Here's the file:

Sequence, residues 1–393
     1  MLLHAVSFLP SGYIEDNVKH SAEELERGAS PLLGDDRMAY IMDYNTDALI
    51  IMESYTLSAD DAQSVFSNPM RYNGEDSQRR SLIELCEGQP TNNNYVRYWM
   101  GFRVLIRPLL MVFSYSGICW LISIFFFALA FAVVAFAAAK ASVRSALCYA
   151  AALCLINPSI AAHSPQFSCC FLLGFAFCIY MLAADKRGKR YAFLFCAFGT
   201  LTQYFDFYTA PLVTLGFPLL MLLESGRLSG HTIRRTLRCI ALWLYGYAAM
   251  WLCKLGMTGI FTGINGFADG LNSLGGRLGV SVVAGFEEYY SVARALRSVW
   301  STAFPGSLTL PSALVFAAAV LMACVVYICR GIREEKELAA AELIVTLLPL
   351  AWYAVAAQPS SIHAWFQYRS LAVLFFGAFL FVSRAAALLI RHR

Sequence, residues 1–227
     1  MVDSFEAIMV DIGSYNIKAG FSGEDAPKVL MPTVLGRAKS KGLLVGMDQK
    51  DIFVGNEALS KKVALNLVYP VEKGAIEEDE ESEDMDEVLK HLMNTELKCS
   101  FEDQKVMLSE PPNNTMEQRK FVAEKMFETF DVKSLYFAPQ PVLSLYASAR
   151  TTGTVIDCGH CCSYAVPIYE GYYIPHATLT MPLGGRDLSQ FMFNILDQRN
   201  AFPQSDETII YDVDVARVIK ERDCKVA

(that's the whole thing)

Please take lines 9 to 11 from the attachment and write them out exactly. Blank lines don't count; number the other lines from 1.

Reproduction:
   351  AWYAVAAQPS SIHAWFQYRS LAVLFFGAFL FVSRAAALLI RHR

Sequence, residues 1–227
     1  MVDSFEAIMV DIGSYNIKAG FSGEDAPKVL MPTVLGRAKS KGLLVGMDQK